Here is an interesting addendum to last week’s story about Mega, the new file storage service from Kim Dotcom of MegaUpload fame.
Recall that Mega encrypts files that users store on its servers, with keys that only the users know… unless they publish URLs that contain the keys, like this one. This means that Mega can’t know whether or not files on its servers are infringing, unless a user publishes a URL like that.
As TorrentFreak has found, Mega is crawling the web in search of public URLs that contain Mega encryption keys. When it finds one, it proactively removes the content from its server — at least if the file in question contains audio or video content — and it sends the user who uploaded the file a message saying that it has taken down the file due to receipt of a takedown notice from the copyright owner.
It’s impossible to say for sure whether this is a blanket policy, and of course Mega’s web-crawling technology probably doesn’t work perfectly. But if this is Mega’s policy, then Mega is being at least as aggressive as RapidShare in going after public links to infringing content. RapidShare finds public links to files on its service and, apparently, examines them with content identification technology to see if they are infringing. According to TorrentFreak’s findings, Mega does no analysis; it uses no fingerprinting or other content identification technology; it just takes the content down. It has taken down unambiguously legal content. (My file wasn’t taken down, because it’s just a PDF of a presentation that I created, and/or because it’s only on this blog and not on a known P2P index site.)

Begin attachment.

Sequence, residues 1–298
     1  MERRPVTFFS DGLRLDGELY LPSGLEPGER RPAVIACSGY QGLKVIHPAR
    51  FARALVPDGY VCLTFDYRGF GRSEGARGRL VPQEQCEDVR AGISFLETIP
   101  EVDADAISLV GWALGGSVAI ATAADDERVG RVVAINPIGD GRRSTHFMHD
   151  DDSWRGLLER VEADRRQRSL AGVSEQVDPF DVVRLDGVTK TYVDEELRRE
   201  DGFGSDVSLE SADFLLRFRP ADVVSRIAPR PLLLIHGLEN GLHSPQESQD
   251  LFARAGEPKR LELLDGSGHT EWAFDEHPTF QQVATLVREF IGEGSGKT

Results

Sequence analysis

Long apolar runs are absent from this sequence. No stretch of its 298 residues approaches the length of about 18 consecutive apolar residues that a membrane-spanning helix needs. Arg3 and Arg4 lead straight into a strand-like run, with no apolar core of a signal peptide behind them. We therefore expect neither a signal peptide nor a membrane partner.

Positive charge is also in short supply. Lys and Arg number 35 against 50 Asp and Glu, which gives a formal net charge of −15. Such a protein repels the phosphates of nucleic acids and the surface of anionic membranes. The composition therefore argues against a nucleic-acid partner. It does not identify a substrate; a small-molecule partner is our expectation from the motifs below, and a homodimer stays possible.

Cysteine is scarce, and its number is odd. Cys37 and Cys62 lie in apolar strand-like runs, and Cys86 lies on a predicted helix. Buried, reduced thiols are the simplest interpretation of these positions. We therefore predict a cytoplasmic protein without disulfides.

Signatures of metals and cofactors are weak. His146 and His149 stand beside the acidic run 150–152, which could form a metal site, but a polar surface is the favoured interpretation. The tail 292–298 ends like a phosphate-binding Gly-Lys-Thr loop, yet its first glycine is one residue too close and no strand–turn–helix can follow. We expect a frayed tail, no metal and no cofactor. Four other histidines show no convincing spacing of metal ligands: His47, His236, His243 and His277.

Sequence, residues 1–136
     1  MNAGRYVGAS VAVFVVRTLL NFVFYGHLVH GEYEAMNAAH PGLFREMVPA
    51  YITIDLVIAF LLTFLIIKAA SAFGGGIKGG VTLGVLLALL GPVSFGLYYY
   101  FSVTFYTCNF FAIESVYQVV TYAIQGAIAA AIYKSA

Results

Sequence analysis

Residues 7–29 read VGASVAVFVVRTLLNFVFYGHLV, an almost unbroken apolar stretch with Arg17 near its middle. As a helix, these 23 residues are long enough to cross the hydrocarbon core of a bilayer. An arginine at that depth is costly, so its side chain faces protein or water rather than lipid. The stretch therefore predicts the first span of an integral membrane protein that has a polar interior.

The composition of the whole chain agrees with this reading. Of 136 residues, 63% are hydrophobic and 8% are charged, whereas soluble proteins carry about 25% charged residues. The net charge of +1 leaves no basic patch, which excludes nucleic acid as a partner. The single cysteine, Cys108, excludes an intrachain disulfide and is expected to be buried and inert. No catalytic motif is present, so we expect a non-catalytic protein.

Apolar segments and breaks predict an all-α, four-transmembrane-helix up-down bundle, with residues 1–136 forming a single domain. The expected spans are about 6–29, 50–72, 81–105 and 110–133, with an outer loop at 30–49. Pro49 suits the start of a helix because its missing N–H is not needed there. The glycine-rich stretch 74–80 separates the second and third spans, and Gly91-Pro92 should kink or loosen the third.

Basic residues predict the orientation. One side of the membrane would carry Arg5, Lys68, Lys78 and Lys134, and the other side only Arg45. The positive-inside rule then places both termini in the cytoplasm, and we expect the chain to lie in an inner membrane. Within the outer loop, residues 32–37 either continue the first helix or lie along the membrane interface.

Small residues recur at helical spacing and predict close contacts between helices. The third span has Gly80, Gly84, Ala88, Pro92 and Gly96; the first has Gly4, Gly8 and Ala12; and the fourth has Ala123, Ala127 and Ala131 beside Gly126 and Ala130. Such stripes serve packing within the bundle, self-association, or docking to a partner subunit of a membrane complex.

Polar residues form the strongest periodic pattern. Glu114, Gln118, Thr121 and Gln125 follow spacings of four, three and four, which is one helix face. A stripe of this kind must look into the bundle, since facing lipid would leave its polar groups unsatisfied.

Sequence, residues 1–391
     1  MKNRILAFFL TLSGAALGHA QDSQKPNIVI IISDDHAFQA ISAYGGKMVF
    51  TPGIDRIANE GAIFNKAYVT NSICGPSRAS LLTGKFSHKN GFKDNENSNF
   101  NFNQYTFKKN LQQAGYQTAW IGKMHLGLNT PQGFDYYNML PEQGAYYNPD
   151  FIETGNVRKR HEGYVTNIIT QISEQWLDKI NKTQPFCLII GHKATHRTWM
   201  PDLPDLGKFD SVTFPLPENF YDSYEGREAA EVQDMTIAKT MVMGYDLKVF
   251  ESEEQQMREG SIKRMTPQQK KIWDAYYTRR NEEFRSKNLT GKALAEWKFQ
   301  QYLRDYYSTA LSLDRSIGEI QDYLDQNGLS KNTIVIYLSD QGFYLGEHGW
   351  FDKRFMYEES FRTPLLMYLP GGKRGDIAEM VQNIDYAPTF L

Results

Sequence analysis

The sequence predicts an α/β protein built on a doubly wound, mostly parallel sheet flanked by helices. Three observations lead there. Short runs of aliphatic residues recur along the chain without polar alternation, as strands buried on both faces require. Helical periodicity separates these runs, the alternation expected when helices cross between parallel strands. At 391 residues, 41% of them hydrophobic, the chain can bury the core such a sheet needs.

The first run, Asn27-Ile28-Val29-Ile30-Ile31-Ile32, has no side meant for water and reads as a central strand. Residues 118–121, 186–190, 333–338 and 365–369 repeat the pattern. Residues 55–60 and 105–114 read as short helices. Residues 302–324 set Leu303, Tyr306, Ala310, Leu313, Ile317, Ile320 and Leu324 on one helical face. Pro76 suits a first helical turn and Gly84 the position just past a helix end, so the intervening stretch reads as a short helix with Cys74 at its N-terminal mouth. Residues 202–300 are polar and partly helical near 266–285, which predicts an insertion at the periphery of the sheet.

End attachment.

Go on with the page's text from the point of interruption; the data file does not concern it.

Mega could be doing this in order to conform to the terms of Kim Dotcom’s arrest. Whatever the reason, it helps make sure that pirated material on Mega can only be shared by sending encryption keys through means such as email… or perhaps URLs that are publicly available but are themselves encrypted. And if you truly want to share audio or video material to which you have the rights, then Mega wasn’t going to be the best place for you anyway.
A commenter on TechDirt put it best: “So we’re still allowed to share the stuff, but just not on linking sites? Seems fair enough to me. Probably for the best too, since some dumbasses clearly don’t know how to hide their copyrighted material properly.”